‎Mode set to "Away" from keypad without keypad input | SimpliSafe Support Home
 
QuarkENess's profile

Saturday, July 8th, 2023 6:51 PM

Mode set to "Away" from keypad without keypad input

The other night, we set our alarm to Away mode using the App. We heard all the typical sounds (countdown beeps, voice announcement) and the Timeline in the app shows the "Countdown to Away Mode" and "System Armed in Away Mode" as expected. Several hours later I awoke to the system announcing AGAIN that it was being set in Away Mode. The Timeline shows that it was set via the Keypad at that time even though no one in the house had touched the keypad.

Anyone else experience this?

Note: I am aware---and have experienced---that setting the system mode concurrently using multiple devices can cause unexpected behavior. For example, hitting the Away button on the app at nearly the same time as the keypad will kick off two independent countdowns. If you cancel one, the other countdown will continue. As another example, if you set the system in Away mode and hit the Away button again after the countdown completes, the system will be re-set into Away mode with no countdown (the announcement will be made and the timeline will reflect that the keypad was used to set the mode). Even stranger behavior can occur when there is spotty internet service. Commands via the app can be delayed for minutes or hours, resulting in changes to the mode long after the input was provided.

However, I don't see how any of these concurrency issues or network latency could account for a unexpected message from the keypad.  

Anyone from Simplisafe care to hypothesize?


Community Admin

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70 Points

8 months ago

Hi @QuarkENess ,

There are some rare instances where the system may re-post its current status, which might appear as a new event. Though usually it's after certain alarm events - like if you had entered the Keypad Menu and forgot to manually exit (so it would re-post the status after automatically returning to the status screen). It might also happen if there's a spotty connection between the Keypad and the Base Station, through the local radio signal. Neither case involves the system actually setting a new alarm state - just repeating the current one.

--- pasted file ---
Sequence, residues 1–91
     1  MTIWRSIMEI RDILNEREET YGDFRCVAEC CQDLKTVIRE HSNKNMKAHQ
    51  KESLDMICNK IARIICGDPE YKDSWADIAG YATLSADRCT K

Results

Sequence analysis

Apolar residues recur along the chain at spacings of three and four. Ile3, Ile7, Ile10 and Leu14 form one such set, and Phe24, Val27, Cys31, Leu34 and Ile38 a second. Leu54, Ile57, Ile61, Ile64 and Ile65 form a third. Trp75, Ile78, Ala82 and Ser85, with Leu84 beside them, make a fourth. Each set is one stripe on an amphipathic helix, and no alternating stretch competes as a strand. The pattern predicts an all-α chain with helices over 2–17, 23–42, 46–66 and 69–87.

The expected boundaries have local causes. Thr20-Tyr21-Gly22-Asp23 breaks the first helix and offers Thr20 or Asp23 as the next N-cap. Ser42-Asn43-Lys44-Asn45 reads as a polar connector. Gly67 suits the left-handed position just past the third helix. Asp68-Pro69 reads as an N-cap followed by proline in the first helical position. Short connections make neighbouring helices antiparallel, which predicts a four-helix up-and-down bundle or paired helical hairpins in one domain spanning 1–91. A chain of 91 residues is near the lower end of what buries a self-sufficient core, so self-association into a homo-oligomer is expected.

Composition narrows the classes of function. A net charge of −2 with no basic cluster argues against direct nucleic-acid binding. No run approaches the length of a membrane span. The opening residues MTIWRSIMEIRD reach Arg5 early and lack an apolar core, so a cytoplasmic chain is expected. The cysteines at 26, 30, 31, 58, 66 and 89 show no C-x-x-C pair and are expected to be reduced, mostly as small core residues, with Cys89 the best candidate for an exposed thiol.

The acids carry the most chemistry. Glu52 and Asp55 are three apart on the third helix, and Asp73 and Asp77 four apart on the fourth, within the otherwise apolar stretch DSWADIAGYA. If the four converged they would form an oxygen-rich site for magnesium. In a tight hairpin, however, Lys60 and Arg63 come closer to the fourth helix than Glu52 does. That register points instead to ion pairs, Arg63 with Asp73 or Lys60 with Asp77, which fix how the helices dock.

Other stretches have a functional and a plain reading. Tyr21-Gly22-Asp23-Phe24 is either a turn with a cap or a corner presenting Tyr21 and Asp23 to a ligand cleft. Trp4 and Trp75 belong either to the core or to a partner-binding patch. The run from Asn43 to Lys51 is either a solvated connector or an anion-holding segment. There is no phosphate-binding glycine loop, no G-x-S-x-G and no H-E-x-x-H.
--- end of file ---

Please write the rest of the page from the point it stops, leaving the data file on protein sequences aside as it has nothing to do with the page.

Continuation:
If you're seeing the system actually set a different alarm state, that might be a different issue we'd need to look into. But for the above issue, a correction is coming soon in a firmware update.

15 Messages

@davey_d​  Thanks for the response. Yes, we have experienced the re-posting of status after time out. As a clarification, do you mean that a spotty connection between the Keypad and the Base State could generate a new event even if the keypad had not recently been used?

Two additional strange things occurred the same night that the away message was sent: a Simplisafe smoke detector in an empty bedroom send out a malfunction beep (alerting Simplisafe), and some colored rope lights in that same bedroom turned on without any human input. The lights have a remote and can be controlled via bluetooth from a phone.

So, could RF interference cause all of these issues? It seems unlikely that the lights turned on due to interference from Simplisafe (since they've been in the house together for years), but perhaps there was some external RF source that impacted both of them. Though what that would be is a mystery.

Community Admin

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10 Points

@QuarkENess​ If there is a spotty connection between the Base Station and Keypad, it can repeat the current arming event in the timeline - even if the Keypad hasn't been used recently. This communication issue is caused by physical interference or wireless interference.

Physical interference is caused by dense objects physically getting in the way between the Base Station and Keypad. Think brick/stone walls or heavy metal appliances. To mitigate physical interference, we recommend moving the Base Station and Keypad closer together. Wireless interference is caused by other wireless devices in the home that broadcast on the same band as our devices. Some common devices that can cause wireless interference are remote car starters, baby monitors, and wireless weather stations. If wireless interference is believed to be the culprit, I would try moving one of the devices to another room.

Regarding the lights turning on in your home that same night, we are fairly confident that it is a coincidence, but it's not impossible that they aren't linked. Our system components use a low-frequency signal; bluetooth transmits at 2.4GHz, so they broadcast different bands. However, as I said, it isn't impossible. I would try troubleshooting both physical and wireless interference throughout your home to prevent another event like this from happening again.

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